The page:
With increasing reports of people being arrested for not standing for the national anthem, it’s a good idea to remember why they stopped the practice of playing the thing in cinema halls in the first place – nationalism cannot be coercively produced in people’s breasts through such inane, superficial and empty gestures.
And the converse – just because you dont stand up for the national anthem, it doesn’t make you anti-Indian. You may just have another idea of India, or you may show your concern for “India” by some more concrete gesture, or through your politics.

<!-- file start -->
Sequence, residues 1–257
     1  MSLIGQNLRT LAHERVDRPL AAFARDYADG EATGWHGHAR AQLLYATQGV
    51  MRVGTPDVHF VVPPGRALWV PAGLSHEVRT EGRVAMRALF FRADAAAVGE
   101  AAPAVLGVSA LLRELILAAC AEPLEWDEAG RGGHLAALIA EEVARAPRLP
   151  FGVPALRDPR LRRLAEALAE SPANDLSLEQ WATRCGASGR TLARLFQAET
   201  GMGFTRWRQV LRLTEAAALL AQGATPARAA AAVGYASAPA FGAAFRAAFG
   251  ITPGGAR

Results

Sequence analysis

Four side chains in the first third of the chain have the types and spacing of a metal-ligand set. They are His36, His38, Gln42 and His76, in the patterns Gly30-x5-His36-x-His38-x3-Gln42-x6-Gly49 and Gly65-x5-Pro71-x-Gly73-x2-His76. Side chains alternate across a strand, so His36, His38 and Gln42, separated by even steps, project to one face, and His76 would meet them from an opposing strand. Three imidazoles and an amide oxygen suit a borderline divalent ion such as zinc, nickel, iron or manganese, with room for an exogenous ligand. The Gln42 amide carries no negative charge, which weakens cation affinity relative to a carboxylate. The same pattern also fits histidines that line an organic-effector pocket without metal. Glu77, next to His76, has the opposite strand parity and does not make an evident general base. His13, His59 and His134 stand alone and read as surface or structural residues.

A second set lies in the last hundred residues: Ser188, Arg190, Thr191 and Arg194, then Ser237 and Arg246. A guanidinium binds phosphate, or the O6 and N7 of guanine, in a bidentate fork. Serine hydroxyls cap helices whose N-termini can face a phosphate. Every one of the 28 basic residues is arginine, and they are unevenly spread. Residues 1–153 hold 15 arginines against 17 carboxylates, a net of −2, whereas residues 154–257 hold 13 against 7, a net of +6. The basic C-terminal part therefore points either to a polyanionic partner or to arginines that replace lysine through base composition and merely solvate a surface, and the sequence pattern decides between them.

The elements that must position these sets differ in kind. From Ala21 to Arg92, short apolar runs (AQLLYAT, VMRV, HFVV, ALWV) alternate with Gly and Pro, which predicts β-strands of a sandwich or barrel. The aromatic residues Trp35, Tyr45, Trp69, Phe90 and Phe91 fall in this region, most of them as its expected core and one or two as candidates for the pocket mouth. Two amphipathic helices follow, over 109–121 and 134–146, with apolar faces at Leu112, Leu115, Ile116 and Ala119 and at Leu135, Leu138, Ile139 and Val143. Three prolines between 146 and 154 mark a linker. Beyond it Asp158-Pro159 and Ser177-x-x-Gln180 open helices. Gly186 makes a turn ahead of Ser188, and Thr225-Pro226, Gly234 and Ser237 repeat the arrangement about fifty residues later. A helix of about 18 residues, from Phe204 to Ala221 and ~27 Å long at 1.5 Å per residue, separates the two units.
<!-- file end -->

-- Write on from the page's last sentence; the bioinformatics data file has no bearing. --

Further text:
As Anmol Karnik asks:
If we play the national anthem before a television show begins at home, would people stand up? I doubt it. Most people who do it, do it because it’s not socially acceptable to sit down when everyone else is standing. It’s being part of the herd, so there’s probably some part of unity embedded in it, but unity in a forceful and degrading manner.
Just as a matter of interest, this is what the Prevention of Insults to National Honour Act, 1971 says:
Whoever intentionally prevents the singing of the Jana Gana Mana or causes disturbances to any assembly engaged in such singing shall be punished with imprisonment for a term, which may extend to three years, or with fine, or with both.
There is thus, no legal obligation whatsoever to actually stand while Jana Gana Mana plays. Continue reading Why should we stand for the national anthem?